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The Olympic Games helped to keep peace among the pugnacious states of

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Re: The Olympic Games helped to keep peace among the pugnacious states of  [#permalink]

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New post 14 Apr 2019, 22:23
I would like to know why in the option E ,the " proclamation" can be seen as the action of the subject "The Olympic Games"?
Is this sentence---"I remember it by heart" same as the sentence above?

thanks very much!
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The Olympic Games helped to keep peace among the pugnacious states of  [#permalink]

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New post 20 Jun 2019, 07:29
Dear Experts,

I have gone through all the posts in this thread but I have doubt regarding:
"The Olympic Games helped to keep peace among the pugnacious states"

How can Olympic games "Help"?
it should be "the organizing of Olympic games helped"

Above point is similar to reasoning provided that for option B: "proclaiming" can not be done by Olympic Games(logical)

Kindly clarify

Thanks in advance
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Re: The Olympic Games helped to keep peace among the pugnacious states of  [#permalink]

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New post 26 Jun 2019, 19:07
1
priyanshu14 wrote:
Dear Experts,

I have gone through all the posts in this thread but I have doubt regarding:
"The Olympic Games helped to keep peace among the pugnacious states"

How can Olympic games "Help"?
it should be "the organizing of Olympic games helped"

Above point is similar to reasoning provided that for option B: "proclaiming" can not be done by Olympic Games(logical)

Kindly clarify

Thanks in advance
EMPOWERgmatVerbal generis GMATNinja VeritasKarishma

There's no reason to expend any energy attempting to understand if the non-underlined portion is correct. We can't change it!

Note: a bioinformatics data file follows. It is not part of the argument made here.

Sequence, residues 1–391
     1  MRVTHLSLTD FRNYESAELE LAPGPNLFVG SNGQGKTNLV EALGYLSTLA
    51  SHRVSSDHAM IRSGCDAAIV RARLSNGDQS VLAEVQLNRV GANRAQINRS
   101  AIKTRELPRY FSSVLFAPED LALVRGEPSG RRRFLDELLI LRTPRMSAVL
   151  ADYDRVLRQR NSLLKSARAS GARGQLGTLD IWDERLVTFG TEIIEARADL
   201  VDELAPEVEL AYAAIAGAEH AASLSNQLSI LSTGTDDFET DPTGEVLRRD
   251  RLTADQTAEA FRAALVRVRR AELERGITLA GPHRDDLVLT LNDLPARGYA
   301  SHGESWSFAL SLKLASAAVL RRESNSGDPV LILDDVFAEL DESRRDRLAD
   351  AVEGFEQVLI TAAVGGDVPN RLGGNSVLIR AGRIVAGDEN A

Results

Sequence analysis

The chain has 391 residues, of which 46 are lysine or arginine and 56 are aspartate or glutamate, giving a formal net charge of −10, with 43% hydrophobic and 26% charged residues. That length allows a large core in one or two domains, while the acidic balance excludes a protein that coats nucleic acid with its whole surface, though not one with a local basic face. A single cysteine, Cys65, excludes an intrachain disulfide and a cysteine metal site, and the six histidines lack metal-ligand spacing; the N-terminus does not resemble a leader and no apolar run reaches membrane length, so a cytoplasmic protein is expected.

But for what it's worth, the usage is similar to the following:

    "Basketball helped Kara deal with her despair after baseball season ended."

In this case, the sentence conveys the notion that it was "watching basketball" or "playing basketball" that helped Kara in her time of need, not that the sport itself was taking long therapeutic strolls with Kara. The point here is that "ABSTRACT NOUN DID X" is a fairly common construction in English, but it's rarely a decision point on the GMAT -- and it's absolutely never a problem if it's not underlined. :)

I hope that helps!
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Re: The Olympic Games helped to keep peace among the pugnacious states of  [#permalink]

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New post 02 Jul 2019, 20:53
For option B, why can't proclaiming modify the action of helped in the previous clause? Explaining how the Olympic game helped the peace?
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Re: The Olympic Games helped to keep peace among the pugnacious states of  [#permalink]

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New post 02 Jul 2019, 23:09
Meisme wrote:
For option B, why can't proclaiming modify the action of helped in the previous clause? Explaining how the Olympic game helped the peace?

Yes, but the agent of proclaiming would continue to be Olympic Games, making option B untenable.